Were it not for the efforts of a student named Rinck who copied out Weichet nur, betrübte Schatten in 1730, it probably would have been lost, like countless other Bach works, to the wrapping of fish (or some other, similar, use of the valuable paper). The Cantata No. 202 was composed for a marriage, most likely while Bach was serving as Kapellmeister for Prince Leopold of Anhalt-Köthen, for whom he wrote much of his secular music.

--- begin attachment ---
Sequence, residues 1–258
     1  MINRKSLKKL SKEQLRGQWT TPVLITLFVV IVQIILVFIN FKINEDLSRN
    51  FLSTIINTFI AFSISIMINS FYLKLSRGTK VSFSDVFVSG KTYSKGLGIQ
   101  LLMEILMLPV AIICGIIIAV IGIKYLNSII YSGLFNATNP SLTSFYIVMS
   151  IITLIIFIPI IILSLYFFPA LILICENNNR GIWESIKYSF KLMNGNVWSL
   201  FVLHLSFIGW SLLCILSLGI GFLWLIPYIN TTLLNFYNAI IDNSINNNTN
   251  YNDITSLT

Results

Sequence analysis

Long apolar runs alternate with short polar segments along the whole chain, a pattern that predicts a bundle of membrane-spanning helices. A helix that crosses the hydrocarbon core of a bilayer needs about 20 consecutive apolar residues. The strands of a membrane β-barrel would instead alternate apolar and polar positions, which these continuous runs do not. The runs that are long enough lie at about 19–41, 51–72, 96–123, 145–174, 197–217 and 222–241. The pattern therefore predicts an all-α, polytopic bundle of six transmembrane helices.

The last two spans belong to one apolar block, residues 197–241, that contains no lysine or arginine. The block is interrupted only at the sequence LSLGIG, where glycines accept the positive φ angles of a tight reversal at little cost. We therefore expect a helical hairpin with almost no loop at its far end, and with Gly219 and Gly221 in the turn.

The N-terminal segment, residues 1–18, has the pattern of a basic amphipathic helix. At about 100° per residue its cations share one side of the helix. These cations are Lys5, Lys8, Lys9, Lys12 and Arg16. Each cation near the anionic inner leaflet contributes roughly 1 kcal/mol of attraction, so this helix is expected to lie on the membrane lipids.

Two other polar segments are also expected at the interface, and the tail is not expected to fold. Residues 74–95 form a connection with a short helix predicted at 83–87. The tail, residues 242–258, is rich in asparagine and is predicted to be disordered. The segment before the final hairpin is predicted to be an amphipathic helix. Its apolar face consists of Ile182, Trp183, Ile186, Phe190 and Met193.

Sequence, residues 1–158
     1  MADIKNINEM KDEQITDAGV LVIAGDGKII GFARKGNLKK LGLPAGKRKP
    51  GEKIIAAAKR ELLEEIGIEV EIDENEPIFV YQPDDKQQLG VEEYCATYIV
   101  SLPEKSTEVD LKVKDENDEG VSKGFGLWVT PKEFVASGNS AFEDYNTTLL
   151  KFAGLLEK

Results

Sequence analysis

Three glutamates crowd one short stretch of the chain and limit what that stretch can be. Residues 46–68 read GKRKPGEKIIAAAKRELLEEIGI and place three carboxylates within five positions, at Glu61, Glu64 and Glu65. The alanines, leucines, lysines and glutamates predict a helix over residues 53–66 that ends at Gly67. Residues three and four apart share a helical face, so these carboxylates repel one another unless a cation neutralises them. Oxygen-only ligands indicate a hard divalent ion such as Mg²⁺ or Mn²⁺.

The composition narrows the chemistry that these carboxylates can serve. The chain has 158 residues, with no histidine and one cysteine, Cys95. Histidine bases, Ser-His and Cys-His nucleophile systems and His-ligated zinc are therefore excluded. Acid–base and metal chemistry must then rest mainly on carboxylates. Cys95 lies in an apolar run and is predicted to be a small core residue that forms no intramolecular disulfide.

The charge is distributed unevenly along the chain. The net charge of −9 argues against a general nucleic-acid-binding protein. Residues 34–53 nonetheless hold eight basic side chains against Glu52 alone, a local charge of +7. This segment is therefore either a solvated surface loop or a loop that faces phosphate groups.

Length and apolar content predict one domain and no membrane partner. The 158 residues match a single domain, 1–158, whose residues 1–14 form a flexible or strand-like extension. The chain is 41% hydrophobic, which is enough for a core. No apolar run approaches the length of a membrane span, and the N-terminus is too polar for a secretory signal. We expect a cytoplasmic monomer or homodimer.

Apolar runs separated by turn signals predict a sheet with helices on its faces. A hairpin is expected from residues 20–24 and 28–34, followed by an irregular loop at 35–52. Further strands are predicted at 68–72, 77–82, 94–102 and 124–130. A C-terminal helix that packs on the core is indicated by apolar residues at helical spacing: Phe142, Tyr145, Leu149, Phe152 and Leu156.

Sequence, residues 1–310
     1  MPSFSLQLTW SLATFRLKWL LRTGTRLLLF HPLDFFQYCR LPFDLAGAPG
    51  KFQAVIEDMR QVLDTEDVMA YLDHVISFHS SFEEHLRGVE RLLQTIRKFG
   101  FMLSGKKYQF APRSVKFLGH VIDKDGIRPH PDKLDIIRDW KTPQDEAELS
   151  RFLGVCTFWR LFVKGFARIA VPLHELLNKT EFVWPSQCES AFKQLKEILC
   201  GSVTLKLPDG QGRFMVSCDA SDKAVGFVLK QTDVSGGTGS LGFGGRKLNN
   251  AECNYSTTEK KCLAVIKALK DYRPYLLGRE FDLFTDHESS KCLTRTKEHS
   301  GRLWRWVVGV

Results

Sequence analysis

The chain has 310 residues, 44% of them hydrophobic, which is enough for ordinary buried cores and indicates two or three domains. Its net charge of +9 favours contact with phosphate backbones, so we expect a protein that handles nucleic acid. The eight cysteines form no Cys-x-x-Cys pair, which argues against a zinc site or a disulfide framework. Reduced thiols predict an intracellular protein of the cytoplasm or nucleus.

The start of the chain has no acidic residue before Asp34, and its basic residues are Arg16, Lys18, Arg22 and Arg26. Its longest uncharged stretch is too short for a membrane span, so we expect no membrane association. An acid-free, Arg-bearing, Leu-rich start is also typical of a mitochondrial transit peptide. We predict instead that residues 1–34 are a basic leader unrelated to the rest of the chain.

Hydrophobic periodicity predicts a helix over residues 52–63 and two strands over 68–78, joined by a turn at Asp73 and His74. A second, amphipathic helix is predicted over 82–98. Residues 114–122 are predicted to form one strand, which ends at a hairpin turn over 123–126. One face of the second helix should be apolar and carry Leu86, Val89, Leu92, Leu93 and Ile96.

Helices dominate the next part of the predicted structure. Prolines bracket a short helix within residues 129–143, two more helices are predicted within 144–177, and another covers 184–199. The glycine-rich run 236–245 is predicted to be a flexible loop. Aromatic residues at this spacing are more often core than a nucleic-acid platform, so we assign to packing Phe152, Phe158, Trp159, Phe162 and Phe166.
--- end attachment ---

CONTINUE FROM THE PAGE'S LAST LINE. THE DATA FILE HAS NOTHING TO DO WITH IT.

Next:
The cantata is in nine parts. Each odd-numbered section is an aria and each even-numbered section a recitative, they trace the rebirth of love with of the rebirth of spring. Each movement has a different instrumentation, and a different scheme the dramatization of a pastoral element and the connection of that element with a theme of love. The first aria, with a rising arpeggios and a combination of darkening and lightening harmonies, asks the forces of winter to ease. The second aria, using only the continuo instruments, pictures Apollo driving powerfully through the sky and re-discovering for himself the delights of spring. The third aria uses the violin to describe the motion of the warm wind through fields and also the motion of Amor through the warming fields, seeking his own amorous goals. The fourth aria brings the idea of love further to the front — setting love’s pleasures ahead of spring’s passing pleasures. The last movement is a simple valedictory Gavotte for the lovers, wishing them ‘a thousand bright and prosperous days’ (almost three years’ worth!), and presenting their love as owning its own spring in the image of a flower… a metaphorical spring which of course brings with it the renewal of thoughts, forces, gods, and motions of love.